So let's take a little look at the rather chequered history of the third-party outfit, to whom Airbnb has already entrusted the verification of millions of IDs (at a reported $2 a pop, on top of gigantic set-up fee) over the past 6 years...
Since early 2013, Airbnb has outsourced offline ID verification to a controversial start-up called Jumio, which later filed for bankruptcy in 2016, following the ousting of founder and CEO Daniel Mattes, amid allegations of financial irregularities. (Prior to starting Jumio, Mattes had also been sued by a former business partner for alleged fraud)
Mattes's replacement, David Stuut, was then recruited by Jumio backer Andreesen Horowitz, one of whose partners sits on the Jumio Board of Directors. (Similarly, Andreesen Horowitz are lead investors in Airbnb, and an AH partner also sits on the Airbnb board)
In response to vehement opposition from other shareholders, a $22.7 million stalking-horse bid by early investor and major shareholder Eduardo Saverin (Facebook co-founder) to buy out the company was blocked by the courts (citing "every red flag possible"), and was sold instead to private equity firm Centana Growth Partners, for just $850,000. (Saverin had resigned from the board just days before Jumio filed for bankruptcy, but remains heavily involved in the rebuilding of Jumio Corp., as its now known)
Saverin and other company executives were later sued by another shareholder, Bloso Investments, who accused them of having "grossly mismanaged" the firm and driving it into bankruptcy, and said they'd been running Jumio without proper financial and accounting controls for years.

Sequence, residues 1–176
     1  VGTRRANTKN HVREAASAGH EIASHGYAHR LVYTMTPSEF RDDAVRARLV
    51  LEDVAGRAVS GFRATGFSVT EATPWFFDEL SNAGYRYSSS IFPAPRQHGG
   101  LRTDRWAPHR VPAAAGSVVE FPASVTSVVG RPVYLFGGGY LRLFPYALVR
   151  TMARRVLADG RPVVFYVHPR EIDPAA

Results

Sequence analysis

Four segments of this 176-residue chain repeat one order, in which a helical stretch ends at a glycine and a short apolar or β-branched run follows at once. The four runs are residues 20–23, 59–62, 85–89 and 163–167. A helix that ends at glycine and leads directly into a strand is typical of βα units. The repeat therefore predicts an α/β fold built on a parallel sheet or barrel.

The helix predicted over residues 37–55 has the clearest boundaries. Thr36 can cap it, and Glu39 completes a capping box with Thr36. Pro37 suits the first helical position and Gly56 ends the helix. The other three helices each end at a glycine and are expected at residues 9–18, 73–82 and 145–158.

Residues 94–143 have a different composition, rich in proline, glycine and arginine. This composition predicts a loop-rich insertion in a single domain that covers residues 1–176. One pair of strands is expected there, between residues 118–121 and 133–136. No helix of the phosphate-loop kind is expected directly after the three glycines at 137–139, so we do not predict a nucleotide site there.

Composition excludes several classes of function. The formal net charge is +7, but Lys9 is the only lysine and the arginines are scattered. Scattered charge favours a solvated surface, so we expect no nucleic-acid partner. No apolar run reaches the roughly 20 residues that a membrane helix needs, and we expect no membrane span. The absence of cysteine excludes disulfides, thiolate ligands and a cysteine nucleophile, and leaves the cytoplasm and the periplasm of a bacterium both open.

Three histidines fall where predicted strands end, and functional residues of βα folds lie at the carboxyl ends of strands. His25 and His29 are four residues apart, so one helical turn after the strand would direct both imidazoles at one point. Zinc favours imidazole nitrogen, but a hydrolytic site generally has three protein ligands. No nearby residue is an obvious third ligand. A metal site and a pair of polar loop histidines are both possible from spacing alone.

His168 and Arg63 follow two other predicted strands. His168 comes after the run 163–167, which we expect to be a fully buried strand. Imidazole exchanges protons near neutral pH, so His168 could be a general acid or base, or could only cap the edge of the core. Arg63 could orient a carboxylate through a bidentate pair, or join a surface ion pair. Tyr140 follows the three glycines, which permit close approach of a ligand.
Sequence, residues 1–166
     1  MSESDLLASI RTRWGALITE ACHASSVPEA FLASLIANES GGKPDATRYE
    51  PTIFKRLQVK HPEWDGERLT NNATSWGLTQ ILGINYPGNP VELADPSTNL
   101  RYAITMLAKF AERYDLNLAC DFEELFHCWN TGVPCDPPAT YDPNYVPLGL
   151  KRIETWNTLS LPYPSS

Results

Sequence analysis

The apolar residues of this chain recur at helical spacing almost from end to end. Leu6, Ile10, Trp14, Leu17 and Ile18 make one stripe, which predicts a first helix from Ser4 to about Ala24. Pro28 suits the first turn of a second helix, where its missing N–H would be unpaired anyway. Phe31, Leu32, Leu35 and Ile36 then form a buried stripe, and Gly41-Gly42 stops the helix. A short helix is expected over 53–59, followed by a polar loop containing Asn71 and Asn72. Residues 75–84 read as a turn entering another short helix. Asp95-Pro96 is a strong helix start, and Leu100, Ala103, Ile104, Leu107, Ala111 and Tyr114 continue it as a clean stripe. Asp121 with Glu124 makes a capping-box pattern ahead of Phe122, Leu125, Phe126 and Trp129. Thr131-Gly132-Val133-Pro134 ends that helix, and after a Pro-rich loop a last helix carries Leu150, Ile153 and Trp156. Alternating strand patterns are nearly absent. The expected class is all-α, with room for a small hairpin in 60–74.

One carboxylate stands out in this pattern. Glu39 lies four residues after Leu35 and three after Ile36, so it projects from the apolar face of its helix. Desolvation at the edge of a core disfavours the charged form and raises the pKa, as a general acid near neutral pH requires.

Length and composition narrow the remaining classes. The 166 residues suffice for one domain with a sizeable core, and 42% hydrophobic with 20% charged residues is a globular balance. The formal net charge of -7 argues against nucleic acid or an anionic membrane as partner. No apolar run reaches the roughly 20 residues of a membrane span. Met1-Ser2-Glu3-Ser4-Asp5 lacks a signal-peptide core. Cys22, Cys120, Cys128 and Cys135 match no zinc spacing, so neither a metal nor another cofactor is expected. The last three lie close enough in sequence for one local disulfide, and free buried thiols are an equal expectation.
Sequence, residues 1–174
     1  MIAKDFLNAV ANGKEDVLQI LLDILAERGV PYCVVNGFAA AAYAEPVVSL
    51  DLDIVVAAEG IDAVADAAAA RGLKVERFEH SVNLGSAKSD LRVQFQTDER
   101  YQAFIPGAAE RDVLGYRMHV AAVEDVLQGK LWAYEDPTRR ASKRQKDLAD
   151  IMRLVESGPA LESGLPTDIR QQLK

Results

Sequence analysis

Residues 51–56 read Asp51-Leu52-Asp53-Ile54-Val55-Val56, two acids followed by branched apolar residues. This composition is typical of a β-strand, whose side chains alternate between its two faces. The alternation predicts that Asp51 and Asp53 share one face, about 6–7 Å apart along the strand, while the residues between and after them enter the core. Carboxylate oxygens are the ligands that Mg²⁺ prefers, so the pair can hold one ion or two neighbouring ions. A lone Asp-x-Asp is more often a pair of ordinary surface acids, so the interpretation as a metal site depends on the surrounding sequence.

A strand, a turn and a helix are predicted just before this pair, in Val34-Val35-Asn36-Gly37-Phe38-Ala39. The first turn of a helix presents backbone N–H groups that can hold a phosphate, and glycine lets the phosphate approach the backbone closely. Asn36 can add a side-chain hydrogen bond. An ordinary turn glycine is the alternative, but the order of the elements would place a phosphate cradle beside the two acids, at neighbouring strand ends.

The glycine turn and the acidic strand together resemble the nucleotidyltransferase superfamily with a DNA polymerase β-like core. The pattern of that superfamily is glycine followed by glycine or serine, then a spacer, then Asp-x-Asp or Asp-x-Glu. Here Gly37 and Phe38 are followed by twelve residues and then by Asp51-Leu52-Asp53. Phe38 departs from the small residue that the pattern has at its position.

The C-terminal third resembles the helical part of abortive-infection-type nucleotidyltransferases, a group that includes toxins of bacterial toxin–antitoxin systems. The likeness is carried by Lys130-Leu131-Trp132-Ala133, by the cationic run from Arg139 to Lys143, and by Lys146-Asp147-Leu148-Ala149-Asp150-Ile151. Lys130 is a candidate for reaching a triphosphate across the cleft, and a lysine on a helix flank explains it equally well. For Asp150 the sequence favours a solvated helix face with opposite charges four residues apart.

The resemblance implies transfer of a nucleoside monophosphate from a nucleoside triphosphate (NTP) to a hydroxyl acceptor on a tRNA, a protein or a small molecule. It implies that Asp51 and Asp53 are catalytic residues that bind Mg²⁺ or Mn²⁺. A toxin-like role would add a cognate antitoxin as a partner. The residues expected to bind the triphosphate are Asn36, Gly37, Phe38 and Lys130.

And apart from the company that Airbnb continues to trust in processing and storing our most sensitive personal information, having a rather tarnished reputation itself, Jumio's competence in performing satisfactory and reliable ID verification has also been called into serious doubt on many occasions.
The following is a review by an Australian company that signed up for Jumio's identity verification services, but found them sorely lacking
In April of this year, Daniel Mattes was ordered by the Securities and Exchange Commission, to pay $17 million to settle fraud charges relating to his time as CEO of the company. Jumio's CFO also agreed to pay $421000 to settle charges.
Despite all that, Jumio Corp still managed to attract new investment ($55.4 million to date, and continues to rapidly scale in a $20 billion industry, most recently joining forces with FaceTec, to launch Jumio Go, a fully-automated biometric identity verification technology (hence the inclusion of selfies now as proof of identity)
User complaints about Jumio Corp's product, such as false positive results, two different results from the same ID, fraudulent submissions not being picked up, and temperamental technology still abound in 2019 however, as evidenced by a multitude of threads on this forum and others, decrying the deficiencies and difficulties in user experience.
But hey.. it's all about "trust", isn't it?